Care, History & Information

History Of The Samoyed


Samoyeds take their breed name from the Samoyede tribes people of Siberia. The name was originally spelt Samoyede. The "e" was dropped by the UK Kennel club in 1923 followed by the American Kennel club in 1947. Samoyeds originally came from Northwest Russia & western Siberia. The Samoyed word translates as "living off themselves", as the samoyede tribes would do. The correct pronunciation of the name is sammy-yed OR sam-yed as there was no "oy" in the native language, although now the breed is commonly pronounced Sam-oid.

The breed was originally used to be sled dogs, herd reindeer, be watchdogs and friendly companions. The dogs would lay next to the samoyede people especially children during the night to keep them warm. When they shed their coats the samoyede people would make clothing for themselves to keep warm, some people still do spin the fur now to make little keep sakes {like the little flower in the photo above} or clothing items.​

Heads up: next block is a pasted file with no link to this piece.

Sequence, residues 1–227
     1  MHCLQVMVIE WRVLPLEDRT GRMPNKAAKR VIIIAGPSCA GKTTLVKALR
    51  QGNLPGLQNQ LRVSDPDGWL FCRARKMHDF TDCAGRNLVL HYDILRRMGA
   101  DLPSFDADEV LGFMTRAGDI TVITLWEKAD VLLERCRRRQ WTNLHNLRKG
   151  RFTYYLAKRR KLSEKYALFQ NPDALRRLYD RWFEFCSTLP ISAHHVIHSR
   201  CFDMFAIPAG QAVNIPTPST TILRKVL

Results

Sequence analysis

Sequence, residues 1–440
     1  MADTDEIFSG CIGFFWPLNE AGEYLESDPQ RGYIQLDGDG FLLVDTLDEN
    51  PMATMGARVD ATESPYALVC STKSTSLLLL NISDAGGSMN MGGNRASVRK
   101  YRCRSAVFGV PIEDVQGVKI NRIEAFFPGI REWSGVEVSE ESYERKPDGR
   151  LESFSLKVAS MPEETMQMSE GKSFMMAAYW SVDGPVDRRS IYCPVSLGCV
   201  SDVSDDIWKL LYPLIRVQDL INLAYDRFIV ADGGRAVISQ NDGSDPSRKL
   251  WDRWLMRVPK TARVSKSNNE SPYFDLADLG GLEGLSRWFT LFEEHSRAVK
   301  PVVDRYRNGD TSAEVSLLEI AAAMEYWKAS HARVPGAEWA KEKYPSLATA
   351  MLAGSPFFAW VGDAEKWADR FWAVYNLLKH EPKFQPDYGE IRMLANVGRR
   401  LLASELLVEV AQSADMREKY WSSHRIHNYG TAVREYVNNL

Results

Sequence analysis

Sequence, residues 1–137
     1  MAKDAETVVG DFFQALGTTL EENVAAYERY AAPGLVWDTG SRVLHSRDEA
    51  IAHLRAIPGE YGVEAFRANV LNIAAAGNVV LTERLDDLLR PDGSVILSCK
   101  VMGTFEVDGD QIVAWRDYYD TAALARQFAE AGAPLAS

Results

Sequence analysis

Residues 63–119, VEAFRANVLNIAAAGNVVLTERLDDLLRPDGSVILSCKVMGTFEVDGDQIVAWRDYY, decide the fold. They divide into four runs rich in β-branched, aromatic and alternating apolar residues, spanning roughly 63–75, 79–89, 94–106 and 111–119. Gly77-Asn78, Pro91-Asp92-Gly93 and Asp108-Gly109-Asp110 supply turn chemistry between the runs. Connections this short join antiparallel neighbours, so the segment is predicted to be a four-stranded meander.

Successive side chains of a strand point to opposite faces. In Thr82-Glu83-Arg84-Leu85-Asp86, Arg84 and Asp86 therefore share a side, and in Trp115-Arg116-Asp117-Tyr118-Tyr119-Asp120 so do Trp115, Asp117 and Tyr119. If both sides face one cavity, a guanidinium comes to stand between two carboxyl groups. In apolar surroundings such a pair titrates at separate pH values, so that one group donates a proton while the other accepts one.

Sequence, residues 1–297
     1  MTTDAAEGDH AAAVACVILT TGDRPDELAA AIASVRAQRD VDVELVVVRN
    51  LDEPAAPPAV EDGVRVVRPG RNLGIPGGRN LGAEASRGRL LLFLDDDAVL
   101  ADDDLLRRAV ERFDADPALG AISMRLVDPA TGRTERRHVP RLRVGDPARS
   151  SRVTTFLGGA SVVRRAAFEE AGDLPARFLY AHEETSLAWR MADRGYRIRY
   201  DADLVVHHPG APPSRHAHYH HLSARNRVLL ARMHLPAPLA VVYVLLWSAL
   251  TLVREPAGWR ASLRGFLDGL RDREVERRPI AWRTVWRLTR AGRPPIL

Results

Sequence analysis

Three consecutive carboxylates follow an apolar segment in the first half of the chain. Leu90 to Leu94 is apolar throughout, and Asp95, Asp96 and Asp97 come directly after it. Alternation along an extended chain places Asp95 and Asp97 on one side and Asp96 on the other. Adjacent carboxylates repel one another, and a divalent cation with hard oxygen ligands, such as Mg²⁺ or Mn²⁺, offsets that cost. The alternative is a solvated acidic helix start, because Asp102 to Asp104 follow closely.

Caring for your Samoyed

Coat & Grooming


The Samoyed is a double coated breed. They have a thick woolly coat underneath for warmth, then a more harsh longer "guard" coat on  the outside. Females tend to drop their coat twice a year usually a few weeks after they had their season, most males shed their coat once a year. The moulting period usually lasts around 2-3 weeks, it can be overwhelming just how much coat they do lose as it comes away in clumps. The photo below far right shows Jynx & her mountain of fur that has been groomed out in just one 20 minute session during her coat shedding season...

A Samoyed's coat needs quite a lot of maintenance and attention. They need to be groomed a minimum of 3 times per week when not moulting & more if losing coat to avoid knots occurring. It is best to comb and brush as often as possible; the more you groom the less of a major effort it is to keep their coats in pristine condition.